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Protecting Our Customers with Open Source

The past week has marked a pronounced peak in our maintenance operations: on Wednesday, we woke up to what immediately seemed like an unscheduled server maintenance day to patch the POODLE SSL/TLS vulnerability. Despite the overall moderate threat level, we quickly concluded to issue an extra server maintenance cycle since the vulnerability carries a considerable confidentiality impact and we know our customers are very meticulous with privacy. After a fairly busy morning of going through servers to disable SSLv3 (the recommended mitigation as the real issue is with browsers), we set out to draft an announcement to our customers to help them understand the situation and the sizable media coverage involved with the vulnerability. Little did we know that the busiest hour was only ahead of us…

In the evening Finnish time, a Drupal core security release that had been teased about last Friday revealed a grim image: a highly critical SQL injection vulnerability was patched with Drupal 7.32, and after a quick assessment, we decided to initiate an immediate emergency update of all customer systems even though it was already quite late and we had a busy day behind us. Fortunately some of our most senior developers were still online and pitched in to help our support team with the rescue operation, and after a sweaty 2,5 hours not just the critical but almost all of our customers’ Drupal 7 installations were either patched or updated altogether. The day was wrapped up in a security announcement, the second one on the same day, and many of our customer probably started their Thursday by reading not one, but two security announcements from us.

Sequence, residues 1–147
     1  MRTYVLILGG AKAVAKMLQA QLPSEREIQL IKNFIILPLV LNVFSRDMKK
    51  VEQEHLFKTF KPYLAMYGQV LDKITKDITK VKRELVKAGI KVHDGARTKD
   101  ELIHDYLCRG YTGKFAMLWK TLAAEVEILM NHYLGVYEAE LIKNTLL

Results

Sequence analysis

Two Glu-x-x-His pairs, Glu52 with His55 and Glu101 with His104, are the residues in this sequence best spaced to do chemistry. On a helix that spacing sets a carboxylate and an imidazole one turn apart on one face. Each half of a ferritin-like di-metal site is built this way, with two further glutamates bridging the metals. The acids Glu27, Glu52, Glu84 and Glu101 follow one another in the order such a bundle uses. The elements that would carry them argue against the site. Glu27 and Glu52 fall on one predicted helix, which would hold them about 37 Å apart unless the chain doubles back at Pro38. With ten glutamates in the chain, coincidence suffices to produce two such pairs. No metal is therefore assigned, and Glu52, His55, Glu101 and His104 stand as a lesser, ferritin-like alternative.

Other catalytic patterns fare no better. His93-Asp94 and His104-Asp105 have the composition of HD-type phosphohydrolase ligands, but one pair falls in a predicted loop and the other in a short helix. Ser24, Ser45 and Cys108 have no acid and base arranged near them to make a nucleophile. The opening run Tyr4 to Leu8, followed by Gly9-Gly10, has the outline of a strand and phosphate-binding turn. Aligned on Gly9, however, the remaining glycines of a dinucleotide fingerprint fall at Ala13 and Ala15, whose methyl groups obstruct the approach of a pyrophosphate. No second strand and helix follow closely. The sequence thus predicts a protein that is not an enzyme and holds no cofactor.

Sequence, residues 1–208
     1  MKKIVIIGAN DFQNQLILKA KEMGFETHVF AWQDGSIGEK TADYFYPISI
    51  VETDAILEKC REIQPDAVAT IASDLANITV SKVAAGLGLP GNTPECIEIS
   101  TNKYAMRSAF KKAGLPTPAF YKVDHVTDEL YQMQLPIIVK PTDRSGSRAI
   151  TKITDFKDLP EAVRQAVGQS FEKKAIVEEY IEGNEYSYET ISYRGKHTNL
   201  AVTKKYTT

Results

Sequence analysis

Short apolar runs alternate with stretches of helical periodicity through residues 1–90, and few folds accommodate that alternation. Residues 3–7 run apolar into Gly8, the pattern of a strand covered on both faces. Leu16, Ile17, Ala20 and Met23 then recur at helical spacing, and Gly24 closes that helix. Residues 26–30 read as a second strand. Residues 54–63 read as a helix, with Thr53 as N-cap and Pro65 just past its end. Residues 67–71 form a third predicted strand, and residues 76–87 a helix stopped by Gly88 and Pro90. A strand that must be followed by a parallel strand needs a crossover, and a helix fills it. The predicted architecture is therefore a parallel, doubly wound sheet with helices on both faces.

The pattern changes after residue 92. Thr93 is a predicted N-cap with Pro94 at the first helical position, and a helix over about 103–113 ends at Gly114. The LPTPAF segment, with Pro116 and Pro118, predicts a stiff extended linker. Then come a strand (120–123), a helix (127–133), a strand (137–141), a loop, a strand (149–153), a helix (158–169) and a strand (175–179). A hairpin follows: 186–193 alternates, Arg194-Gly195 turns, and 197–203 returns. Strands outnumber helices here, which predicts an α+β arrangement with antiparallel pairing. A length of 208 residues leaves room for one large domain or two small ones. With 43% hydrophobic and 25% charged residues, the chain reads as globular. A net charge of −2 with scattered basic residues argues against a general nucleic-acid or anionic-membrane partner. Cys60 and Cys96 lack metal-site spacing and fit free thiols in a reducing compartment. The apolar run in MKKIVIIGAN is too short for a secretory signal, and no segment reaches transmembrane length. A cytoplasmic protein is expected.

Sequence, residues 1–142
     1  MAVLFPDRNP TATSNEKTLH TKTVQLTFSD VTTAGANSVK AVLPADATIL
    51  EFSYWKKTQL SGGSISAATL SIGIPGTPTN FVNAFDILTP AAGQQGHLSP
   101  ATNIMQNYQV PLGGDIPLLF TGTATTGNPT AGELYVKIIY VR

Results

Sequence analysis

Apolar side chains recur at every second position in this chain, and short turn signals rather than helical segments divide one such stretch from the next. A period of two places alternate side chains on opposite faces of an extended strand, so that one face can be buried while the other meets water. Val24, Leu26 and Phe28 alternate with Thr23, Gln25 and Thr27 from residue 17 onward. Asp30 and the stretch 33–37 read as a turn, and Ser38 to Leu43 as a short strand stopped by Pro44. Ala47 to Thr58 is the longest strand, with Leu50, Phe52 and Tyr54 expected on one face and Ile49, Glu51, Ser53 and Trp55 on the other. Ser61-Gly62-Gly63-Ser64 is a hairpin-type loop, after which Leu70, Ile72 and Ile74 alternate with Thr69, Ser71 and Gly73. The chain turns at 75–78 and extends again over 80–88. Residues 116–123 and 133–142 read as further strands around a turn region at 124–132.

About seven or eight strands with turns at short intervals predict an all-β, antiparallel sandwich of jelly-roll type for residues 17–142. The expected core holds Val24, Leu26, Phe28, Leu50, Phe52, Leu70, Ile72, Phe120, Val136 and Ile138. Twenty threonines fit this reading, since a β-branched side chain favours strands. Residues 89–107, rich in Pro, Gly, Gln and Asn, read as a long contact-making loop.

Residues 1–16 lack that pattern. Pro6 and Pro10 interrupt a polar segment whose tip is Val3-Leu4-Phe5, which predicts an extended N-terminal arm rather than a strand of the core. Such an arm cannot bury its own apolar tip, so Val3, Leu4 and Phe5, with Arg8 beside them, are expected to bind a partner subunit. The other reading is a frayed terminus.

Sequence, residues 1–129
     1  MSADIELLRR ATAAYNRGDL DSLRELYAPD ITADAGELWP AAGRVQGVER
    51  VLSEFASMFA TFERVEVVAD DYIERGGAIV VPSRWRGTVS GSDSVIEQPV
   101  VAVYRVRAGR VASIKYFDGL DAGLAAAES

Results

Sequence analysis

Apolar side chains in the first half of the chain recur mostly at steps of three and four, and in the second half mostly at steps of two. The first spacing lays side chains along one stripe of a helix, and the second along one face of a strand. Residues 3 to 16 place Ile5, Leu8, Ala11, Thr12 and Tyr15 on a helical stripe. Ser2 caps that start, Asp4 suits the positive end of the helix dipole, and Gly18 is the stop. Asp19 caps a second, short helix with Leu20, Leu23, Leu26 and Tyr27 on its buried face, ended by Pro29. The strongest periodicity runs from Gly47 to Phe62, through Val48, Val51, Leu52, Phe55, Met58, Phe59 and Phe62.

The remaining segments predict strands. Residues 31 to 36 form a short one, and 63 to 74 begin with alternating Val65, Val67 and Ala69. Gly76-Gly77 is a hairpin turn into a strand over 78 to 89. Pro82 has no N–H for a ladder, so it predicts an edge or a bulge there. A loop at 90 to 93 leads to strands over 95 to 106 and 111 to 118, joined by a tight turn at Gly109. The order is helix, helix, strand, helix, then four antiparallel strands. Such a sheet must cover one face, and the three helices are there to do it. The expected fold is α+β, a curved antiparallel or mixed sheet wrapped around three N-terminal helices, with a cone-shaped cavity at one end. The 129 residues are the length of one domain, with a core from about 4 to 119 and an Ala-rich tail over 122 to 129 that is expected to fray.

While we rarely have to initiate any emergency operations off-hours, this year has already seen a surprising amount of very serious vulnerabilities: first Heartbleed that seemed really alarming due to the very high exploitability in April, then the XML-RPC vulnerability of WordPress and Drupal in August (that was just yet another DoS hole, but again, we know our customers pay for uptime, not downtime) – and just a couple of weeks back, we were in a real hurry to assure our customers that they are not threatened by the very alarming Shellshock vulnerability. Even though most times our customers’ systems are running very smoothly, on Wednesday evening it was easy to fall into thinking the world isn’t such a safe place anymore…

Many times we use CVSS scores to communicate the threat of vulnerabilities to our customers. But the problem with CVSS is that we feel it doesn’t really apply in many cases – we think we know which facets of the vulnerability weigh the most for each customer. That’s why XML-RPC, even though ‘yet another DoS hole’, became very urgent for us in August. On the other hand, even without any CVSS scores calculated, it was immediately obvious that Wednesday’s Drupal SQL injection vulnerability was of the most severe kind and it wasn’t a long discussion to decide whether to launch an overtime rescue operation or not. We could’ve risked waiting until the morning to start the updates but chose to be on the safe side considering the nature of the vulnerability.

The timing of the announcement was carefully orchestrated, though: the update (and exposure of the vulnerability) was released in a regular Drupal security window, even though the root cause was originally discovered weeks ago. This was done to ensure that the Drupal community is ready to apply the update after a busy Drupalcon a couple of weeks back. Even though Drupal relies on a more or less freely organized community, it’s serious business.

We, too, feel the weight of commitment to the open source community on our shoulders: while many of our customers see the occasionally frequent security advisories as a positive thing (bugs are being found and also fixed), for some this is an alarming sign – and for those customers, we want to be extra careful with our reassuring process and communications. Just like we did this week.

And after all the dragons are slain, we sit back and enjoy a couple of nice little change requests while we recharge for the next vulnerability…

Support Team

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